NYMC Faculty Publications


The Natural History of Carotid Artery Occlusions Diagnosed on Duplex Ultrasound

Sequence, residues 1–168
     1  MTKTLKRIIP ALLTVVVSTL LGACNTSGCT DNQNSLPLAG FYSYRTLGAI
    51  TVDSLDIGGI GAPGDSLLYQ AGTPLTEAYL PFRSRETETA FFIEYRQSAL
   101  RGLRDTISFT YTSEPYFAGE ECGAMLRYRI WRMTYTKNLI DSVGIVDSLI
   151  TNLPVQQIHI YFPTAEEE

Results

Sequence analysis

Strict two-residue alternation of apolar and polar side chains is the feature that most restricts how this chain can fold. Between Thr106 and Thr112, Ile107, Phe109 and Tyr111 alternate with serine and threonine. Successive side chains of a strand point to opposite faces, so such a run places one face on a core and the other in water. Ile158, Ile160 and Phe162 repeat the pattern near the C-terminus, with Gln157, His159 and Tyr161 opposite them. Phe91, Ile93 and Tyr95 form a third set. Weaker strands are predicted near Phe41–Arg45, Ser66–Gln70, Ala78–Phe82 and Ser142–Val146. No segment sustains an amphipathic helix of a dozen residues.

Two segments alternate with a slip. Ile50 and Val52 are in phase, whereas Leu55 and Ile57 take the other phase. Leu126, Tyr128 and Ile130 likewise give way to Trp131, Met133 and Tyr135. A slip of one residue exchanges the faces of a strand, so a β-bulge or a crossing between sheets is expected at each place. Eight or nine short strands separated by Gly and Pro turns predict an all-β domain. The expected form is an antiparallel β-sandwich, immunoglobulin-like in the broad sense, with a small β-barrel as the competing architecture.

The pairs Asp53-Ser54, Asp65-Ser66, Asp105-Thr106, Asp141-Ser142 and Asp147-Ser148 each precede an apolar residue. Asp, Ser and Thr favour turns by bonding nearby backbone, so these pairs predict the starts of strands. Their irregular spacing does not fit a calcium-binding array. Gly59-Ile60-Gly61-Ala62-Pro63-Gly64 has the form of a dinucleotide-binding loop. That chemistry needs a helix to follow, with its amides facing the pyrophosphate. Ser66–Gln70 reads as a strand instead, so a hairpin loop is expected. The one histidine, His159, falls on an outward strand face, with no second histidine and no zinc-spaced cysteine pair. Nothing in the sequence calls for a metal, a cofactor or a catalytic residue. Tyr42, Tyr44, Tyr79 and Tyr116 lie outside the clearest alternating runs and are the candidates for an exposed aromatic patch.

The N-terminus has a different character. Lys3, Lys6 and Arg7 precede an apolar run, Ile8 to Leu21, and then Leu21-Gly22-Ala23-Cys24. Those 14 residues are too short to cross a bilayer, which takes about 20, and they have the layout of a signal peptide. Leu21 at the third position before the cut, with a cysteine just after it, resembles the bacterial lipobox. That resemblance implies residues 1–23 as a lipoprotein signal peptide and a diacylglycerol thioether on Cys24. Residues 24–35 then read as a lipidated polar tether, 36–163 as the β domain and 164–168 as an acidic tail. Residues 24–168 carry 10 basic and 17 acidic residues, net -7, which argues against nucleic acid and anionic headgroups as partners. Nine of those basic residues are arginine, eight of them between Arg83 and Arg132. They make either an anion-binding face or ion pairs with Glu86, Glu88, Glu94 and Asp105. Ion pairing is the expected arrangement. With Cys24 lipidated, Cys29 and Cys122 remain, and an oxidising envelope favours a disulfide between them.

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BACKGROUND: There is a paucity of literature on the natural history of extracranial carotid artery occlusion (CAO). This study reviews the natural history of this patient cohort. METHODS: This single-institution retrospective analysis studied patients with CAO diagnosed by duplex ultrasound between 2010 and 2021. Patients were identified by searching our office-based Intersocietal Accreditation Commission accredited vascular laboratory database. Imaging and clinical data were obtained via our institutional electronic medical record. Outcomes of interest included ipsilateral stroke, attributable neurologic symptoms, and ipsilateral intervention after diagnosis. RESULTS: The full duplex database consisted of 5,523 patients who underwent carotid artery duplex examination during the study period. The CAO cohort consisted of 139 patients; incidence of CAO was 2.5%. Mean age at diagnosis was 69.7 years; 31.4% were female. Hypertension (72.7%), hyperlipidemia (64.7%), and prior smoking (43.9%) were the most common comorbid conditions. Of the CAO cohort, 61.3% (n = 85) of patients were asymptomatic at diagnosis; 38.8% (n = 54) were diagnosed after a stroke or transient ischemic attack occurring within 6 months prior to diagnosis, with 21.6% occurring ipsilateral to the CAO and 10.1% occurring contralateral to the CAO. 7.2% (n = 10) had unclear symptoms or laterality at presentation. Of the CAO cohort, 95 patients (68.3%) had duplex imaging follow-up (mean 42.7 ± 31.3 months). Of those with follow-up studies, 7 patients (5.0%) developed subsequent stroke ipsilateral to the CAO with mean occurrence 27.8 ± 39.0 months postdiagnosis. In addition, 5 patients (3.6%) developed other related symptoms, including global hypoperfusion (2.4%) and transient ischemic attack (1.2%). Of those, 95 patients with follow-up duplex ultrasound imaging, 6 (4.3%) underwent eventual ipsilateral intervention, including carotid endarterectomy (n = 4), transfemoral carotid artery stent (n = 1), and carotid bypass (n = 1), with mean occurrence 17.7 ± 23.7 months postdiagnosis. The aggregate rate of ipsilateral cerebrovascular accident, attributable neurologic symptoms, or ipsilateral intervention was 11.5%. Of 95 patients with follow-up duplex ultrasound imaging, 5 underwent subsequent duplex studies demonstrating ipsilateral patency, resulting in a 5.3% discrepancy rate between sequential duplex studies. All 6 patients undergoing intervention received periprocedural cross-sectional imaging (magnetic resonance angiography or computed tomography angiography). In 5 of these 6 patients, cross-sectional demonstrated severe stenosis rather than CAO, disputing prior duplex ultrasound findings. CONCLUSIONS: In this large, institutional cohort of patients with a CAO diagnosis on duplex ultrasound, a clinically meaningful subset of patients experienced cerebrovascular accident, related symptoms, or intervention. We also found a notable rate of temporal duplex discrepancies among patients with CAO diagnoses and discrepancies between CAO diagnosis per duplex ultrasound and findings on cross-sectional imaging for those patients who underwent intervention. These results suggest that use of a single duplex ultrasound as a sole diagnostic tool in CAO may not be sufficient and that physicians should consider close duplex ultrasound surveillance of these patients, potentially in conjunction with additional confirmatory imaging modalities. Further investigation into optimal workup and surveillance protocols for CAO is needed.